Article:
However if you read a previous blog of mine you will see I said "to hell with past tense .present tense " etc get it down while there is still time. Sorry, folks if I got carried away, but they certainly were/are/is a fine bunch of blokes and deserve complements, for we would never have got any where without them. Cliff.
Many thanks for your service. And for telling your stories.
As has been related here, many from that generation are exceedingly reluctant to tell their tales. And far too many of those stories have disappeared forever with the passing of the storytellers.
Having interviewed numerous WWII veterans, British, Canadian, Australian, and American, most had never really talked about their experiences and their families were amazed what quiet, unassuming Dad or even white-haired Granddad had done in his younger days, both on and off duty.
As to 'no DFCs' or 'DFMs,' one gent I spoke with was an RCAF pilot who volunteered in 1941, but didn't finish OTU in Mosquitos until May 1, 1945 due to delays in training, waiting for transport, etc, etc.
Today I should be making a top for the bird table. However I am going to visit Mr Dux on the flight line, before I "get put on a fizzer" for being absent.
I am sure the day was fine, very hot, as it did remain for the first few months, with visibility forever.
Mr Dux arrived and introduced himself to about 4 or 5 of us, and then we proceeded to our PT 17. We looked at this massive biplane "don't laugh you jumbojet drivers" very few of us, although our average age would be about twenty, had ever done sixty miles an hour on a motorbike. He then went through . preflight checks, demonstrated the movement of the ailerons, rudder. and elevator. The location of the throttle, mixture control, joystick. rudder pedals, and instruments. The instruments were pretty basic , a compass, altimeter, air speed indicator, plus a turn and bank indicator. The turn and bank indicator consisted of a vertical needle which swung either left or right , the amount depending on the rate of turn, underneath which, was a glass tube, similar to a spirit level, but it was curved \_/ with a ball in the bottom. If the ball remained at the bottom of the curve it indicated the aircraft was flying level. In a turn, it indicated if the aircraft was side slipping. So when blind flying, or "under the hood" the cadet set the throttle, and airspeed. Any increase in speed indicated the aircraft was descending, and a decrease, climbing. Hence the expression from the instructor, when things went wrong . needle -ball -airspeed, needle=-ball- airspeed NEEDLE-BALL-AIRSPEED. Gyro compasses and artificial horizons were used at that time, but we were told that it was absolutely imperative that we should be able to blind fly, using only these instruments, in case every other aid had failed.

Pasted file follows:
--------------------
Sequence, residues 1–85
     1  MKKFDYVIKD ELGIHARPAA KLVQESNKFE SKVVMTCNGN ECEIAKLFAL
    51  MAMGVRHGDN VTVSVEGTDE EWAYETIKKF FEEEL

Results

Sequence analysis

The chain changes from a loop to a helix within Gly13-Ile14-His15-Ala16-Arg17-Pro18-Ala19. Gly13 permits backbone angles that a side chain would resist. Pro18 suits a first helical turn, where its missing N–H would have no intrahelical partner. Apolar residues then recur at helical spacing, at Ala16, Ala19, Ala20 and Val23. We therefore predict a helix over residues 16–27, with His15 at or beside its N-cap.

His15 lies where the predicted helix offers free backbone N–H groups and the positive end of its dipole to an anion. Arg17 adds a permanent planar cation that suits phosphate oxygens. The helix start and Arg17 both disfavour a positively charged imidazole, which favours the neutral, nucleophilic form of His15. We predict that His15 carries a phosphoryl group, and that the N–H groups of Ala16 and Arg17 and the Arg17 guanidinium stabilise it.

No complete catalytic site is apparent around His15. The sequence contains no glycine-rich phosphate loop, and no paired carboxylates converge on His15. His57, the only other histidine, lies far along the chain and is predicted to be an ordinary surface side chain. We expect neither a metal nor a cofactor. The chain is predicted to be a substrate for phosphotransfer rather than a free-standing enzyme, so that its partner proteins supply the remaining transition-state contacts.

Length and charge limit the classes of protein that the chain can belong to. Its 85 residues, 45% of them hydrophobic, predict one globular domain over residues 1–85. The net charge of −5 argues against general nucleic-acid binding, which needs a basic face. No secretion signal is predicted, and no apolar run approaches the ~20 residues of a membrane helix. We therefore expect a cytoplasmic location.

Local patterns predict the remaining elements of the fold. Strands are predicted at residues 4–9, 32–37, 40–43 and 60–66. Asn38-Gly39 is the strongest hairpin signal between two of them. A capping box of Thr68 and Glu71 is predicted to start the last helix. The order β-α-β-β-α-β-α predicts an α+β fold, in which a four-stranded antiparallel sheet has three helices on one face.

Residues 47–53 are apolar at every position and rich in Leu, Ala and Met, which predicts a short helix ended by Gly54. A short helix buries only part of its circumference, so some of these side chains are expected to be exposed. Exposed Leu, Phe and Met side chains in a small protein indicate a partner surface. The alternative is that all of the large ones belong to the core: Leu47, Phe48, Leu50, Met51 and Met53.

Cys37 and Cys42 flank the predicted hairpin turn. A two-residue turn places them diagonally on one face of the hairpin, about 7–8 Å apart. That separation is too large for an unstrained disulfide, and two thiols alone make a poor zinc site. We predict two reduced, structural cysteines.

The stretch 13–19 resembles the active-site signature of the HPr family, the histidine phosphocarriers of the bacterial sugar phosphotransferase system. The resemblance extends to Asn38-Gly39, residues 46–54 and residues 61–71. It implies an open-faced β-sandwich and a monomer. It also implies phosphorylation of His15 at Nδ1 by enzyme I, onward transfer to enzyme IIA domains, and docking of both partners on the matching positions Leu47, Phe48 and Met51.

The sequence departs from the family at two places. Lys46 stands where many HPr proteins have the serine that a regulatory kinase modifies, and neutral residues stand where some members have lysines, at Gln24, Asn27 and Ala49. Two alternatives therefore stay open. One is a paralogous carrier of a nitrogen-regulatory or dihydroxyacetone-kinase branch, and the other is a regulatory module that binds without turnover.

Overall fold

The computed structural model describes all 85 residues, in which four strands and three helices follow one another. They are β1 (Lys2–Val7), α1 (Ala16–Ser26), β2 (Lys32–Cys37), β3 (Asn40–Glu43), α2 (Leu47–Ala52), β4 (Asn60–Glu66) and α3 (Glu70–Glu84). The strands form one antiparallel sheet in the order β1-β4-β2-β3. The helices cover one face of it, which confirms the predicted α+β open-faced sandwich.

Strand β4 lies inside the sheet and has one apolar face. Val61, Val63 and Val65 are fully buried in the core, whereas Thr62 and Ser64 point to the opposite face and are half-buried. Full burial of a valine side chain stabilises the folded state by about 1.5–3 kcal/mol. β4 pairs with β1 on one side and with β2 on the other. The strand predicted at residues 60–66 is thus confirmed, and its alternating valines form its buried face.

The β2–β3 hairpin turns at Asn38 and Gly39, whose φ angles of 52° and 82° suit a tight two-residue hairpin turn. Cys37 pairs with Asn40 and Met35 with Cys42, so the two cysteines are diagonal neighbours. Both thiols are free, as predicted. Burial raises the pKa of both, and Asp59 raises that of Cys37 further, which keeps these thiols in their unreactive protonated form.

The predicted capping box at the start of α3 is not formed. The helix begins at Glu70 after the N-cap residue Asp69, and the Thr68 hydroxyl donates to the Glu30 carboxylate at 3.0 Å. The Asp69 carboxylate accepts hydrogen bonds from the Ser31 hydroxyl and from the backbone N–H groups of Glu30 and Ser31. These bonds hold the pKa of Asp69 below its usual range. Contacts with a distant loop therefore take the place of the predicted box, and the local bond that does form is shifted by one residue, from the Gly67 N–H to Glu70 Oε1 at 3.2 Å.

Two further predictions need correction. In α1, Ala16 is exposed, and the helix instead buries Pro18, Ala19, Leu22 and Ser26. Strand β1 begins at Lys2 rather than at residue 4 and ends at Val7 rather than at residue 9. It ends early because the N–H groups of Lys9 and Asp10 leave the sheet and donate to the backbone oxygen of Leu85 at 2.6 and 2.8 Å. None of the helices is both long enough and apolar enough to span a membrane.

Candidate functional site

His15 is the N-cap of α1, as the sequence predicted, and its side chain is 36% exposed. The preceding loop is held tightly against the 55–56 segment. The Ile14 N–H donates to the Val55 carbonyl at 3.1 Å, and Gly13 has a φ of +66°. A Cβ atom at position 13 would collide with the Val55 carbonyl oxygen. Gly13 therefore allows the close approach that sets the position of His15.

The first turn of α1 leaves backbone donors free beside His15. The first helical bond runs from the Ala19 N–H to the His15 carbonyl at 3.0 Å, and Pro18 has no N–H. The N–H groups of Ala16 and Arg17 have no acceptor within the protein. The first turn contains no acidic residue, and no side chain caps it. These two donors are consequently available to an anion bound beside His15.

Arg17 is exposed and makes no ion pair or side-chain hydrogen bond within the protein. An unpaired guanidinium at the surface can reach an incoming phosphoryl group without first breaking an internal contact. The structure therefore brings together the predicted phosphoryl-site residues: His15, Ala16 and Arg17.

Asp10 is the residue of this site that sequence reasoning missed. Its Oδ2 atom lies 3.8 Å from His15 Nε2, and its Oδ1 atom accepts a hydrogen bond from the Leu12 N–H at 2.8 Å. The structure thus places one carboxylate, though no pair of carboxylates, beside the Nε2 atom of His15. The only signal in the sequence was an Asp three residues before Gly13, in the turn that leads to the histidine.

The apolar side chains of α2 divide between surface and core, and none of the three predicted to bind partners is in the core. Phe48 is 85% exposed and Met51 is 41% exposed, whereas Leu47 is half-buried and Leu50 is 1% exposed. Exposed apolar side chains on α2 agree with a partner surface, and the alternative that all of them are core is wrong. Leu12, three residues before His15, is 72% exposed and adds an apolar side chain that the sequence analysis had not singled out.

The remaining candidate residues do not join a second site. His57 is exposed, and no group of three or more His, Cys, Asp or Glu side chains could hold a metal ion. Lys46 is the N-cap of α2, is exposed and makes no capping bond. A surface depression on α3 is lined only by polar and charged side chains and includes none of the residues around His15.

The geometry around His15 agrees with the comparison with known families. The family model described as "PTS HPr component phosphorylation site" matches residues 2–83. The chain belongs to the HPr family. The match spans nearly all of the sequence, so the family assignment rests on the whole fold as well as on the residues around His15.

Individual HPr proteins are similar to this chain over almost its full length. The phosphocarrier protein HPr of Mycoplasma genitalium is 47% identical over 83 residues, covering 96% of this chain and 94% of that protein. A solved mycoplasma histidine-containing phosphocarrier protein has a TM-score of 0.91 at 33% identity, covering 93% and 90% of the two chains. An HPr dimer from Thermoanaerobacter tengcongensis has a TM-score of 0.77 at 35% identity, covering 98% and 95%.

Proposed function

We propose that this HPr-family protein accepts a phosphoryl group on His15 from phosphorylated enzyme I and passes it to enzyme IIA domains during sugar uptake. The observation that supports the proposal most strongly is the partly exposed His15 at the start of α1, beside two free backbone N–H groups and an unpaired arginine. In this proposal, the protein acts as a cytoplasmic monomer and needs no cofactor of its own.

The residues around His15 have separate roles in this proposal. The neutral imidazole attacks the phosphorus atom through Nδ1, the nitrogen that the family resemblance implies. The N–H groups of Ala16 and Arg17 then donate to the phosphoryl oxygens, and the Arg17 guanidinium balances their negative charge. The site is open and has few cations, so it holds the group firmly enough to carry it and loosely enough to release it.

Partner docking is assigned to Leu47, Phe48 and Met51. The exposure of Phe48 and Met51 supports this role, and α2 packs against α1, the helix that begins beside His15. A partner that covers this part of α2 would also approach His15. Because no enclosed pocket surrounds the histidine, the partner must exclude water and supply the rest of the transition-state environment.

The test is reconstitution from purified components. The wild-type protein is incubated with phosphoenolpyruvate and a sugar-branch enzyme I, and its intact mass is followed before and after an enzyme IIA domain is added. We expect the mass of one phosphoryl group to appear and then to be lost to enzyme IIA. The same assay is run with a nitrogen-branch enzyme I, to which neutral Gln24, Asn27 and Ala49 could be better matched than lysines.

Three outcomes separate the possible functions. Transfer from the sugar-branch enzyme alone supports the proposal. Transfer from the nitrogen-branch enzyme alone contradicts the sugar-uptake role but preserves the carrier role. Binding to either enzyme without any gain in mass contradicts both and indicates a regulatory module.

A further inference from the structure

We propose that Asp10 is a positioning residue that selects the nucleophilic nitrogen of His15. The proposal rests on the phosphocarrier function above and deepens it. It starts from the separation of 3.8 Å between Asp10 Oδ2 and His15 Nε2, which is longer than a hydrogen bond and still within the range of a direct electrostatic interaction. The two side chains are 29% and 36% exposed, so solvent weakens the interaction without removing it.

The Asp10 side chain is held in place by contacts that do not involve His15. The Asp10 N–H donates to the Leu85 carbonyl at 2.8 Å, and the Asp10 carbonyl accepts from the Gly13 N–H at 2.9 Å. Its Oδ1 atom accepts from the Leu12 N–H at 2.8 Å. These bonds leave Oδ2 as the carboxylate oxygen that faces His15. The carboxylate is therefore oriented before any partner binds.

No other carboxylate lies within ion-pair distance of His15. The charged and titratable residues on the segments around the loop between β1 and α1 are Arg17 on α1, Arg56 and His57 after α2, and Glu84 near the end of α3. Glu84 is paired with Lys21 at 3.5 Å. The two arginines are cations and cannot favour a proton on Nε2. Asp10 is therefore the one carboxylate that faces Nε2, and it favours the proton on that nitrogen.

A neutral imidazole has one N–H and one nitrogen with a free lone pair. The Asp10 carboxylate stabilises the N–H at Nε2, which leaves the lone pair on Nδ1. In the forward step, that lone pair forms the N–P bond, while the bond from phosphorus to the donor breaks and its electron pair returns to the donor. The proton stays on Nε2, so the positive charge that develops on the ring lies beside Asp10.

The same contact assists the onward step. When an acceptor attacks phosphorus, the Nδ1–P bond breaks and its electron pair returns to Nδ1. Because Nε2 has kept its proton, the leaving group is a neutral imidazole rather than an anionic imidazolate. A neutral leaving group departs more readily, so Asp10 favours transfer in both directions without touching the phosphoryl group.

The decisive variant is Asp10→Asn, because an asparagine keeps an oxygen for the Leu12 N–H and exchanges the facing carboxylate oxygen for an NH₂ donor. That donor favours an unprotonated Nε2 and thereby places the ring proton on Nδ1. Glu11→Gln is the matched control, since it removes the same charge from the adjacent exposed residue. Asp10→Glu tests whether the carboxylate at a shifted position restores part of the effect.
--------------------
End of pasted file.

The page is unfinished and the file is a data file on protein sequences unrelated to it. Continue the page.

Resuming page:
After our introduction to the aircraft, we had our first flight. First of all we had to go to stores to collect a parachute. I was asked what number I wanted, feeling capricious I asked for number thirteen. I was surprised it was virtually new and unused. After that I always asked for number 13 , whenever I had the choice.
From my log book -- Pilot Mr Dux, pupil cliffnemo, Taxying, straight and level, climbing, descending, 45 minutes. A nice gentle introduction, and beautiful views over the 101 ranch. I was also surprised to see many " "nodding donkeys" These were machines which pumped up oil, night and day. The area was very prosperous, at that time because of the oil fields, and was the home of the Continental Oil Co (CONOCO). This company was the major employer in the area.
The railway was pointed out with its large water tank with Ponca City written in large bold letters. The wide streets , running .N.S.E or W. , the Arkansas river , and some small towns such as Tonkawa. Guthrie. Enid. This was to be useful when we eventually solo'd. After this , according to my log book I went to the Link trainer for familiarization, with a Mr Reid. The Link trainer (GOOGLE R.A.F. in Oklahoma for a pic ) was of wooden construction ,enclosed, in the rough shape of an aeroplane with the standard controls and instruments, and responded to the joystick by tilting in the required direction. I ended the day feeling quite confident and elated, and that Mr Dux and I would get on well together. We were told that in the future, we would spend half a day on the flight line and half a day in the classrooms, studying , meteorology aerodynamics, navigation, gunnery , bombing etc, until we started night flying.
-------------------------- Do you really love me , or is it your first field dressing?
(If you don't understand it, I will tell you when you're 21